Nortec Makes Me Happy

Photo courtesy of Nacional Records

If you haven’t heard Nortec Collective Bostich + Fussible‘s (Nortec Collective) music yet, it is time to adjust the dial on your internal soundtrack of the Mexican borderlands. This is not your papi’s norteño. Nortec is based on the unmistakable banda, tambora, norteño sounds common to northern Mexico. They build on these traditions and mix it with electronica to create music that crosses cultural boundaries, producing a sound that is as just as norteño as it is techno (Nor+tec).

Photo courtesy of Nacional Records

Nortec Collective began in late 1990s when Ramón Amezcua (aka Bostich) founded the record label Mil Records,with Pepe Mogt (Fussible). Members of the collective have gone on to produce various musical projects under the names Clorofila, Hiboreal, Bostich and Fussible. Some of their earlier works brought together their electronic dance grooves with a musical identity firmly rooted in Tijuana. Their tune Tijuana Makes Me Happy begins with “Some people call it the happiest place on earth,” captures their essential idea of honoring their hometown.

Nortec‘s 2010 Grammy nominated album, Bulevar 2000 (Nacional Records) builds a longer bridge across the border. The album is lyrically stronger than previous works and one gets the sense that they are narrating a journey. The title track, Bulevar 2000 is haunting and enchanting where the tuba sounds like a heart-beat while driving along a highway trying to forget your lost love. It is “not a love song,” but it really is. Many of the lyrics on Bulevar are in English, including Centinela, which tells the story of star-crossed lovers that can only meet once a year on Día de Los Muertos. Nortec also teamed up with San Francisco based Loquat on the track I Count the Ways.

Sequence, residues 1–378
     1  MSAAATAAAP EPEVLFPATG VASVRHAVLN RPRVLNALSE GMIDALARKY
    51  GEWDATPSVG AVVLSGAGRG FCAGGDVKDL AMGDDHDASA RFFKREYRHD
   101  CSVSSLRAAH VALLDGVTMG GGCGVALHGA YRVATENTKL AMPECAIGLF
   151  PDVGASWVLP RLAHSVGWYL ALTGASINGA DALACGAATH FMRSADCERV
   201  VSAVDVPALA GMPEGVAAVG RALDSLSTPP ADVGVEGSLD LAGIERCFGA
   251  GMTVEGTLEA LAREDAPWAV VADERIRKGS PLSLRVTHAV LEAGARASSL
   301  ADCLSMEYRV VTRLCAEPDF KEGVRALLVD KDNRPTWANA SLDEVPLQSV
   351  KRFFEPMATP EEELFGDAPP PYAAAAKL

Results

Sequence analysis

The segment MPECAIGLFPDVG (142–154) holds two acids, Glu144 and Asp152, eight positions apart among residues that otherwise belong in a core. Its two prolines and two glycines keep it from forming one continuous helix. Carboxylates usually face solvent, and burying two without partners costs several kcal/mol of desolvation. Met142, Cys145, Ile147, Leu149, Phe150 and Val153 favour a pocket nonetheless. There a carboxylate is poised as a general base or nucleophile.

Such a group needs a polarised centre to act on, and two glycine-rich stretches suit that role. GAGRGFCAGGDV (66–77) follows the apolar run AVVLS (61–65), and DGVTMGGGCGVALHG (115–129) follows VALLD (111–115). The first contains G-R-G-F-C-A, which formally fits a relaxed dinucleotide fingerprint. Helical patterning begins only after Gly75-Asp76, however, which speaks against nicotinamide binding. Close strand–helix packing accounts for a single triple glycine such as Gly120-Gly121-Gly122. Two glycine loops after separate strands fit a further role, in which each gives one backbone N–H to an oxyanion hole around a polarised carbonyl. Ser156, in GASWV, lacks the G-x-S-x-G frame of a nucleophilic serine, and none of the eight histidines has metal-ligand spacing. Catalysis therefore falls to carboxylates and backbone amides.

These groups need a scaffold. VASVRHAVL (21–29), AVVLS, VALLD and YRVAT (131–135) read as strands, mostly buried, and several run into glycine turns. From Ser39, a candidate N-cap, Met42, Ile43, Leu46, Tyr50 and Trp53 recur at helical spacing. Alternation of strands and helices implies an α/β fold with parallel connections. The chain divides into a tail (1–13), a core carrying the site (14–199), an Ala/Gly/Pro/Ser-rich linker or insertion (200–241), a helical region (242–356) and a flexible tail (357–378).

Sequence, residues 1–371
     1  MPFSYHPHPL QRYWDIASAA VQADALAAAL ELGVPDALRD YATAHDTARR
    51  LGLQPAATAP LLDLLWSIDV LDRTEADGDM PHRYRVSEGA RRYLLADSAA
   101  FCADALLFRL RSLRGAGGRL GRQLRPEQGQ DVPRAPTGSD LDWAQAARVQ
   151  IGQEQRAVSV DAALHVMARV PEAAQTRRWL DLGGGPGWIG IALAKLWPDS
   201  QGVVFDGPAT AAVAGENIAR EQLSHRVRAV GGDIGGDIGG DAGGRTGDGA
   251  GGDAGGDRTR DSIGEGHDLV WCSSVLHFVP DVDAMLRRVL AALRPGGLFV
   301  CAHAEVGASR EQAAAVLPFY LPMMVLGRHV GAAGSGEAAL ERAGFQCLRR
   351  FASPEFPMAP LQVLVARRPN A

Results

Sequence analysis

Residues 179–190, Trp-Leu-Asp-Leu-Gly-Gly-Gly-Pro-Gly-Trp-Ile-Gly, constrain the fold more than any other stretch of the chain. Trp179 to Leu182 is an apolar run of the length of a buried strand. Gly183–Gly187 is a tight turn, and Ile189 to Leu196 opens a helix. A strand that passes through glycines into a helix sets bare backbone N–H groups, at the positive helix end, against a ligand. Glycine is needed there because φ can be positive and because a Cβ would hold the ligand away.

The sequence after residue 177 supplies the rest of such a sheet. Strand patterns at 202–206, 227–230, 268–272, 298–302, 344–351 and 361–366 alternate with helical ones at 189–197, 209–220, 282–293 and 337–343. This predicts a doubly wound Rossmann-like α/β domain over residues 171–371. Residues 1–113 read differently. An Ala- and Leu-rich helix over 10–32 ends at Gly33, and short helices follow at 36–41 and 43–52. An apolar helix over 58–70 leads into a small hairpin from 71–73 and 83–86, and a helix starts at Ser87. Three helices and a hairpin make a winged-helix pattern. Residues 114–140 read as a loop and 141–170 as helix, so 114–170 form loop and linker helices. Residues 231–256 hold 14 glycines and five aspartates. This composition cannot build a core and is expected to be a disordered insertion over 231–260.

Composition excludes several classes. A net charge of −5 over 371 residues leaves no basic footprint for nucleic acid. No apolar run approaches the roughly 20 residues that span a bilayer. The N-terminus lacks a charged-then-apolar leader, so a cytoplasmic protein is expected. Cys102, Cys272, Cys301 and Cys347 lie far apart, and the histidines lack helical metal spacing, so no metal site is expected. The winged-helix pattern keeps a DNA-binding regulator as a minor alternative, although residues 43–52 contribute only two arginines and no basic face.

A Nortec Collective Bostich + Fussible show is a multi-sensory event and offers the best avenue to experience their distinct intersection of the contemporary and traditional Mexican music. On stage, DJs Bostich + Fussible are accompanied by musicians playing the sousaphone (tuba), accordion and trumpet. Their self-created DJ station has a futuristic 1960s look to it and the duo alternates between iPads and Tenori-on (a tablet of LED switches that create sounds). They complete their illustrated soundscape by projecting color-rich images of Tijuana behind the stage. Watching Nortec, you get the sense that they are creating music not only for their audience, but with their audience, as the relationship between the musicians, the sound, images and lights work in tandem to raise the energy of the crowd to a dancing frenzy.

Nortec have been outspoken critics of internet censorship. You can get many of their remixes free on SoundCloud, where they reached a million downloads of their tracks by the beginning of February 2012.

If you never thought you would be getting down to norteño and electronica, now is the time to try it. Nortec Collective Bostich + Fussible are performing at the New Parish in Oakland, Calif. on March 13th.

¡No te lo pierdas! 

Written by Michelle Siprut